But yes, there really are no good solutions. If you talk about things like regime change, I'll say things like how? You know, we've tried that other places, and we've never stopped being at war in those places when we've tried it. So...

WILLIAMS: I guess my concern with this is the timeline, you know? When we start talking about if it gets to this point in that point, and if it gets to that point, you know, my goodness. We know they can almost get here. We almost know that for certain now. How much longer are we going to wait to see what the -- most of your consequence would look like?

TIMPF: Right. And I don't think that there is a good solution. I don't claim to have one, at least. And nobody really seems to have one. It's very, very tough. Because getting involved in the area, you know we're talking about a massive potentially even globally-involved conflict. Millions upon millions would die.

BOLLING: It's not -- it's different from getting involved in the Syrian conflict, where Syrians don't have an issue with us. They have an issue internally; they have a civil war going on. Or a Middle Eastern conflict.

These people want to kill us. They are specifically developing missiles to...

TIMPF: Well, he does.

BOLLING: ... to kill United States of America. The really don't care about South Korea that much, probably don't even care that much about Japan. This is a development -- because they can reach Japan now. They've dropped missiles into the Japan Sea. They're going after an ability to kill us. So at what point do we say we're not going to let you get to that capability, because you're clearly going after it, and they're getting closer?

TIMPF: Well, he also knows that it's suicide. It absolutely would be suicide.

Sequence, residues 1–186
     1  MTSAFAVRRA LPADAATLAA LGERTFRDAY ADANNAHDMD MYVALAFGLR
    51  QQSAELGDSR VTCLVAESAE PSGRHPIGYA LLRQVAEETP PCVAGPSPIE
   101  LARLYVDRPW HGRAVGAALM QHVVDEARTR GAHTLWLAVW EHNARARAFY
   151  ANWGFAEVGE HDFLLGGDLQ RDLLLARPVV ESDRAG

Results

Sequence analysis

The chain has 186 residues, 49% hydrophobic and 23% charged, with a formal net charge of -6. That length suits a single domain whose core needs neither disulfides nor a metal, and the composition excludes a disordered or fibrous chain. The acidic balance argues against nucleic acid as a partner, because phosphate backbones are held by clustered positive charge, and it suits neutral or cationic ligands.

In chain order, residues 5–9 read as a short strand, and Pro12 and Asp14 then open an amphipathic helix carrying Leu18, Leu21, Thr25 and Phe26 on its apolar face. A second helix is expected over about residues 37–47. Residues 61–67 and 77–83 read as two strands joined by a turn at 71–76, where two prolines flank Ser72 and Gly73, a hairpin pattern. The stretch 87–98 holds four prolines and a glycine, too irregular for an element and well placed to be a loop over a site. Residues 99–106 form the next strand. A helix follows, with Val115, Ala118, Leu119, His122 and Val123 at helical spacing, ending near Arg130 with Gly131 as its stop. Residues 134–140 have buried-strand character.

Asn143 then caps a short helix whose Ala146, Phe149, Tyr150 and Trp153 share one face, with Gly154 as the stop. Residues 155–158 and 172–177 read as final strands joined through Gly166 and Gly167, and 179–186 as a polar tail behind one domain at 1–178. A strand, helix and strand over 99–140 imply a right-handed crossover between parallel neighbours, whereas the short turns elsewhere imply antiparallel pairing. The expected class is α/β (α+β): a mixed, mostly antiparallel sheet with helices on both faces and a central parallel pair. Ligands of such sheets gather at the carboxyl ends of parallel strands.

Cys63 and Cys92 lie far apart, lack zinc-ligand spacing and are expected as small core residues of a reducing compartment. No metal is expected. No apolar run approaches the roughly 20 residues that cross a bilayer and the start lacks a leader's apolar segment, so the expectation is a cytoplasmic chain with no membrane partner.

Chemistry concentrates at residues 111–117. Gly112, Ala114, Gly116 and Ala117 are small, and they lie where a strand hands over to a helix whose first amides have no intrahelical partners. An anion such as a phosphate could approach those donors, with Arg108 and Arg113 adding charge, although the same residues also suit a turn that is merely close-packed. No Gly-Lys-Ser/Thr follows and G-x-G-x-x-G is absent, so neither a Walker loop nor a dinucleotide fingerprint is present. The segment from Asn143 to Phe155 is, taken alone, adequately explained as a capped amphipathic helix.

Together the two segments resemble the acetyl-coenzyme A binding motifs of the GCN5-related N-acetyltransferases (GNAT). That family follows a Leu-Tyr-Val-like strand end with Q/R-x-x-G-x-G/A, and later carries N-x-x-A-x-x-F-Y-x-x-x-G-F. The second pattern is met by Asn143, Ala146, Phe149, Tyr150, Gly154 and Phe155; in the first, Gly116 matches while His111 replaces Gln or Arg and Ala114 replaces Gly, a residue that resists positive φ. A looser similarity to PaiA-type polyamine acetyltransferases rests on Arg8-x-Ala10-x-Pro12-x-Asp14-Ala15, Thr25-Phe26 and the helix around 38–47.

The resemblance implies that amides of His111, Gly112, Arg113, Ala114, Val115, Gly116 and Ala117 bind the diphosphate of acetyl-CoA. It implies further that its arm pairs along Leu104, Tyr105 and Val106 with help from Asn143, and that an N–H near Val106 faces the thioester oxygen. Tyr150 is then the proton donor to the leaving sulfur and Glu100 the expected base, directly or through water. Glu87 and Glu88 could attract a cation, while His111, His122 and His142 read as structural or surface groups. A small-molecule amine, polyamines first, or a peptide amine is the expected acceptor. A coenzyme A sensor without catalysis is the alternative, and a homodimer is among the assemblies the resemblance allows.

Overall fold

WILLIAMS: I think that goes back to the checkmate argument Joe might have been referring to.

But up next, time really does fly when you're having fun. We at "The Fox News Specialists," we turned three months old today. Yay! We'll show you some of our top highlights from July. You don't want to miss it. Stay with us.


TIMPF: It's been a wild month here at "The Fox News Specialists." We've had a lot of breaking news and a lot of laughs, too. Check out these highlights from the last few weeks, featuring some fan favorite specialists.


WILLIAMS: Hey, everybody. I'm Eboni K. Williams, along with Eric Bolling and Kat Timpf. We are "The Fox News Specialists."

BOLLING: Sheriff David Clarke.

TIMPF: Joe Concha).

WILLIAMS: J.D. Hayworth.

BOLLING: Mark Levin.

TIMPF: Kirsten Haglund.

TIMPF: Taya Kyle.

BOLLING: Antonio Sabato Jr.

WILLIAMS: Sonata Adzem.

TIMPF: Kirsten Haglund.

WILLIAMS: Mike O’Hara is here.

O’HARA: Eric, I just want to thank you for introducing Mark first, because it was like, "The Rolling Stones and this guy."


WILLIAMS: I think sanctions make us feel good. That's the problem I had with the Iran deal. There's no way to really enforce them. Therefore, they become completely ineffective.

UNIDENTIFIED MALE: The search for the leaks is a lot like Donald Trump's hair. Out the leaks, that even if it's real, it still looks bad.

BOLLING: What do you mean? What does that mean? Searching out the leaks kind of looks like Trump's hair: even if it's real, it looks bad? Searching out leaks is -- it looks bad?

TIMPF: I can't think of a single example where it's been good for a free country to have a politician surrounded by only yes-men.

LESLIE MARSHALL, FOX NEWS CONTRIBUTOR: When he saw who she was, where she came from and what she wanted to meet about, that should have been the stop line right there.